2021 | Rockville

Rockville mayor, council pass master plan update

‘Rockville 2040’ is the first change since 2002

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Rockville officials on Monday unanimously approved an update to the city’s master plan for the first time in nearly two decades, capping a process that started in May 2015.

The plan, ‘Rockville 2040,’ is an update to the city’s 2002 master plan. It covers broad topics like land use, municipal growth, transportation, economic development and housing.

Rockville Mayor Bridget Donnell Newton and City Council members have spent multiple meetings this year going line by line over various sections of the plan with city staff members. The city’s Planning Commission sent the mayor and council a draft of the plan in February.

Rockville 2040 has various goals and recommendations. In its land-use chapter, there are goals to install more electric vehicle stations and to update building codes to require those stations in new and current buildings.

The housing chapter allows for rezoning certain areas for duplexes, triplexes, apartment complexes and other housing types to create more of a supply for new and current residents. It also asks officials to consider “alternative housing” like tiny homes and micro-unit apartments, along with considering old hotels and office spaces as potential residential areas.

Rockville residents previously sent in comments in support of making the city more walkable, bikeable and transit-friendly. In response, Rockville 2040 recommends connecting current bike lanes and routes to the county’s trail system, and expanding the bike-share system. 

Rockville 2040 also would create a Pedestrian Master Plan centered around the three Metro stops serving Rockville. That includes focusing on better sidewalk access, more bike racks nearby and better signage to get people to those stops.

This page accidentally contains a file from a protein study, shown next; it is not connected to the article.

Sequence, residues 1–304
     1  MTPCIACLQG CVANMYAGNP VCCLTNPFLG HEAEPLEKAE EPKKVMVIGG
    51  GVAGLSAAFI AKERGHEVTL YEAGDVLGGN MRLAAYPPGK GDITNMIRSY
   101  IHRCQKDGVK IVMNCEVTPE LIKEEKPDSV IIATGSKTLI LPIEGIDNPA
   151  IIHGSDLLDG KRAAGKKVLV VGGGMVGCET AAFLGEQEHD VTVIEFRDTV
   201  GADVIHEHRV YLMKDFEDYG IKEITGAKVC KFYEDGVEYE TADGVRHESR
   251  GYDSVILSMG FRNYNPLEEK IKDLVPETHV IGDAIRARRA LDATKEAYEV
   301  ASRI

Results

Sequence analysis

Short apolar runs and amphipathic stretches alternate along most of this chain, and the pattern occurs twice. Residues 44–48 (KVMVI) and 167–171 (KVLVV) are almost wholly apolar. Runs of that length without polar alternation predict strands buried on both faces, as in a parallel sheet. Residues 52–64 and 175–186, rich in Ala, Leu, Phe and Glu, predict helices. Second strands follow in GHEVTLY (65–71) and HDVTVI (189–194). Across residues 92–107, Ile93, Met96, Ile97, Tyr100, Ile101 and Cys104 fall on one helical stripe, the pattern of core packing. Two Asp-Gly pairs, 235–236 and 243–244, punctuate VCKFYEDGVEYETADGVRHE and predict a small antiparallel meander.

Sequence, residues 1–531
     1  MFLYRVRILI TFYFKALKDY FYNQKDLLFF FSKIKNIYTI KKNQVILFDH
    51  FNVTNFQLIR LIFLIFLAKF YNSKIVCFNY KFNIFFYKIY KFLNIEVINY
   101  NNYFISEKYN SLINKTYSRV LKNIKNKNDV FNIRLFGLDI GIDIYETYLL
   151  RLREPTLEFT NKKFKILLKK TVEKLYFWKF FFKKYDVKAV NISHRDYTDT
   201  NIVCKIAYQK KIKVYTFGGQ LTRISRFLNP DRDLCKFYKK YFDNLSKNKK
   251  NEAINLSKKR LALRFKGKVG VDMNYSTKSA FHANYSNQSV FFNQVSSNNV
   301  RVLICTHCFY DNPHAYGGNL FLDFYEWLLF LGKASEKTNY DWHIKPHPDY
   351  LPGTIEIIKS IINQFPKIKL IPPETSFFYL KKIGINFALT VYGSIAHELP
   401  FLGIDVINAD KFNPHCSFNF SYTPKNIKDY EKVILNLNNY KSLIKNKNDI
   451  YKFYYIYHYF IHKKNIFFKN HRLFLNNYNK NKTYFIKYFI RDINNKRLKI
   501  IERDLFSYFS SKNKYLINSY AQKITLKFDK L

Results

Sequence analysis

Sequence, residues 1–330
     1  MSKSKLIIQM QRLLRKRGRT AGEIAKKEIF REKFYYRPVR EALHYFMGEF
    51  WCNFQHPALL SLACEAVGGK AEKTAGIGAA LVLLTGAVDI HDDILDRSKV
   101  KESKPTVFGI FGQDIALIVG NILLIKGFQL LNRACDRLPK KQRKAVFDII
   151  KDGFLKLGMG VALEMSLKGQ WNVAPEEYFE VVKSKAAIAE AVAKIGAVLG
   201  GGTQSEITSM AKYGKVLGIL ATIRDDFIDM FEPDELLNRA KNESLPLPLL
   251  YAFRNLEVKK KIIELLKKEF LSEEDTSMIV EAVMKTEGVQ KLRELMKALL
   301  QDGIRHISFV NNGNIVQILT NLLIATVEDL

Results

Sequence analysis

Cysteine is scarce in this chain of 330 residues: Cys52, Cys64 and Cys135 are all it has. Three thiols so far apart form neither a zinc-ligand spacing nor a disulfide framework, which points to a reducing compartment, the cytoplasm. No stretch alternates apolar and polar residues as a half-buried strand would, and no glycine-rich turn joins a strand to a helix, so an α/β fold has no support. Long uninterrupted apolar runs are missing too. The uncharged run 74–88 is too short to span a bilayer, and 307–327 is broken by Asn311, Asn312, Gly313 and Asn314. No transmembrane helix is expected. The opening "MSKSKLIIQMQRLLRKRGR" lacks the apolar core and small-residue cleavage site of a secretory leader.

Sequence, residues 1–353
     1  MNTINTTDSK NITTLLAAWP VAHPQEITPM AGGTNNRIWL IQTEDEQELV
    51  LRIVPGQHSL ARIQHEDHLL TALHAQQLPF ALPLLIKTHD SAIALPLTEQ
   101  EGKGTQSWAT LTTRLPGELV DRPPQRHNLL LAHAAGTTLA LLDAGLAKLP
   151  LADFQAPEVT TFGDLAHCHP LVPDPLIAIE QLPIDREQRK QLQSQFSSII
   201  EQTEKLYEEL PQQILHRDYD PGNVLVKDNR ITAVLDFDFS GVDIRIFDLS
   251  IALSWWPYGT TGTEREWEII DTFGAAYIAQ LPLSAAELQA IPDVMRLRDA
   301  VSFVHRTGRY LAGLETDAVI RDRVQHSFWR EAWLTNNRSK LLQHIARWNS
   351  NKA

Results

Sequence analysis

There also is a goal to have a city park within a 10-minute walk of every resident. There are 67 city parks, but also areas where residents have to walk longer than 10 minutes — especially in the southern half of Rockville — to reach one. 

Rockville 2040 will help inform smaller area plans and overall zoning proposals citywide in upcoming years.

Newton and council members kept their comments brief after Monday night’s final vote.

The plan’s approval was one of Andrea Gilles’ last actions as a city employee, Newton said Monday. Gilles is a city planner who worked with Newton and council members throughout the Rockville 2040 process. 

Newton said Gilles was “instrumental” in not only creating Rockville 2040, but also in smaller plans in recent years. Her departure is a “huge loss” for Rockville, she added.

Even though the vote was unanimous, Council Member Mark Pierzchala said he had “deep reservations” about parts of the plan.

“I think we will have to revisit major parts of this in the next three to 10 years because it doesn’t move Rockville forward in the way it needs to be moved forward,” Pierzchala said during Monday’s meeting.

Steve Bohnel can be reached at steve.bohnel@bethesdamagazine.com